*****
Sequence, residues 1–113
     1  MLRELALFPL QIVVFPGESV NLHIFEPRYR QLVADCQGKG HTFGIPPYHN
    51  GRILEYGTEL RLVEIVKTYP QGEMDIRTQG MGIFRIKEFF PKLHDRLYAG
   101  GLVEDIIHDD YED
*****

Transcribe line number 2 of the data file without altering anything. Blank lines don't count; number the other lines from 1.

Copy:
     1  MLRELALFPL QIVVFPGESV NLHIFEPRYR QLVADCQGKG HTFGIPPYHN